New York City Marathon preview: U.S. stars are underdogs to cap epic marathon season

Galen Rupp
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The fall marathon season already produced the men’s world record, the second-fastest women’s time ever and the women’s American record. And it’s not over yet.

The New York City Marathon, the world’s largest annual major marathon with more than 50,000 finishers (before COVID-19 restriction years), is Sunday.

New York City produces fewer record times due to the hilly course and lack of pacers. The world’s top marathoners, including world record holders Eliud Kipchoge and Brigid Kosgei of Kenya, are absent.

But it once again has the most decorated American fields of the fall marathons.

It could find a way to deliver a newsworthy follow-up to September’s Berlin Marathon, where Kipchoge lowered his world record by 30 seconds, and October’s Chicago Marathon, where Kenyan Ruth Chepngetich missed the women’s world record by 14 seconds and Emily Sisson took 43 seconds off the American record.

Galen Rupp, a two-time Olympic medalist and the last American man to win a major marathon (Chicago 2017), makes his debut in the five-borough race.

Rupp, 36, placed 19th in July’s world championships in his native Oregon, stopping four or five times in the last several miles while not at his best physically. He missed training time before worlds due to a herniated disk and pinched nerve in his back. He said Thursday that he feels a lot better now but sometimes has a “bad day.”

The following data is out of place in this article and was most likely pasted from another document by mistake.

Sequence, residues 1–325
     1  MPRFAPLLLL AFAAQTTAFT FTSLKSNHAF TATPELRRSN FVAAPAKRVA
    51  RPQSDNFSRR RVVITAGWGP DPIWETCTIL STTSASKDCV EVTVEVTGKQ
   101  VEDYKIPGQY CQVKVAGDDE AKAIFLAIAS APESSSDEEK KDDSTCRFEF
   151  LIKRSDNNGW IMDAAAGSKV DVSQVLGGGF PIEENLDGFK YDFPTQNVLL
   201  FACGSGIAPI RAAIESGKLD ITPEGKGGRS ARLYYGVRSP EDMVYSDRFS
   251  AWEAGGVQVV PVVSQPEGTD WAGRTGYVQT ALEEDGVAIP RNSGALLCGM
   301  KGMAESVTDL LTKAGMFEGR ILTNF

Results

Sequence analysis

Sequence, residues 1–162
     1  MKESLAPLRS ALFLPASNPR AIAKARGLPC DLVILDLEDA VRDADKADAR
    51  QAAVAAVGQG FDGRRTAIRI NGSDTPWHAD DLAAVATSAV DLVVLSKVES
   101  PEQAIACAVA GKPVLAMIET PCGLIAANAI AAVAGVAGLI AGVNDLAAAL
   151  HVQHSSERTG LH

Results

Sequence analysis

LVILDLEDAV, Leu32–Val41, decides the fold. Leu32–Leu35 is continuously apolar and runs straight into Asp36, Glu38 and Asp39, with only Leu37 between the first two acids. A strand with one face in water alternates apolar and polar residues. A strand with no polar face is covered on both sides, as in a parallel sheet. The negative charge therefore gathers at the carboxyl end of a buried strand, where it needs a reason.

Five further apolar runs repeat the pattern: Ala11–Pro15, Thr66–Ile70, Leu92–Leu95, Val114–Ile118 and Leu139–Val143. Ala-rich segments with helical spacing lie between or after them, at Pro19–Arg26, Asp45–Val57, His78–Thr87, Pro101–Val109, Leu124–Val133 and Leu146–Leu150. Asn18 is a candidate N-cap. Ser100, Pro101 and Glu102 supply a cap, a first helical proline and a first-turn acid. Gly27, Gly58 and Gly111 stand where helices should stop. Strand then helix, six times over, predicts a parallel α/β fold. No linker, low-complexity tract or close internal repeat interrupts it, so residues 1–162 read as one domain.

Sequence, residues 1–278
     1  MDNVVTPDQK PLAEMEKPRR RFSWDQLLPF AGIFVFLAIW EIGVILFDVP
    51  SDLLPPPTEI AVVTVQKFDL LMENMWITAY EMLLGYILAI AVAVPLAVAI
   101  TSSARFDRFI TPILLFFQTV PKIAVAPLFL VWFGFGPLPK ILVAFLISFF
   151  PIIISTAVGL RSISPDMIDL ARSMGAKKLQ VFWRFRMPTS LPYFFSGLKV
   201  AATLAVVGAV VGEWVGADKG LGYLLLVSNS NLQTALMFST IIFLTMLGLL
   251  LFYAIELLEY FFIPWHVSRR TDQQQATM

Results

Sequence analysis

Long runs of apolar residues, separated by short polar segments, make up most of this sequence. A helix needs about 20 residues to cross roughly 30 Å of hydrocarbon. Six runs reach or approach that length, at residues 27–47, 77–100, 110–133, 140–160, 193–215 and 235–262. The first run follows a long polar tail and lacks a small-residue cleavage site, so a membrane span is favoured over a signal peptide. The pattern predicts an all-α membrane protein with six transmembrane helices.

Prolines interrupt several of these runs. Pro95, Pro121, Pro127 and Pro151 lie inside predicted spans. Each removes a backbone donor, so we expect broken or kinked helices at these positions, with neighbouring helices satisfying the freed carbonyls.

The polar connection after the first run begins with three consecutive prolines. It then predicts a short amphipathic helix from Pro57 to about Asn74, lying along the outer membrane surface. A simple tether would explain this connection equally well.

“My leg just doesn’t work right sometimes,” Rupp said at a press conference, referencing his nerve problems. “Those are the days where it’s like, we’ve got to just back off, do some more exercises, stretch things out, get it treated. … It sounds bad, I guess, when I’m hearing myself talk about it right now, but things have really, the last couple of weeks, have been going all right.”

The last U.S. male runner to win New York City was Meb Keflezighi in 2009. This race includes four of the five fastest active American men (Rupp, Leonard Korir, Scott Fauble and Abdi Abdirahman, a 45-year-old, five-time Olympian in his final marathon.)

The favorites are Kenyans Evans Chebet, the reigning Boston Marathon champion, and Albert Korir, the defending New York City champion. Kenyan men won the first five annual major marathons this year (Tokyo, Boston, London, Berlin, Chicago) and on Sunday can complete the first sweep since 2011 (before Tokyo was added as a major).

U.S. women face similar long odds at a win, but their chances improved on Oct. 14. That’s when defending champion Peres Jepchirchir of Kenya withdrew citing an unspecified injury. On the same day as that announcement, Keira D’Amato, the second-fastest American in history, was announced as a field addition.

Still, the favorites are Kenyans (Hellen Obiri, a two-time Olympic 5000m silver medalist in her marathon debut, and 42-year-old Edna Kiplagat) and Ethiopians (world champion Gotytom Gebreslase and debutant Senbere Teferi) as well as Kenyan-born Israeli Lonah Salpeter.

D’Amato races her third marathon in the last 16 weeks. Des Linden, the last U.S. woman to win a major marathon (Boston 2018), is now 39 and looking for her first marathon top-10 since placing fourth at the February 2020 Olympic Trials. Aliphine Tuliamuk, the Olympic Trials winner, races her first marathon since dropping out of the Olympics seven months after childbirth.

“The New York City Marathon course is an equalizer,” Tuliamuk said in a press conference. “I’m not intimidated by people who have run faster than me.”

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Mikaela Shiffrin heads to world championships with medal records in sight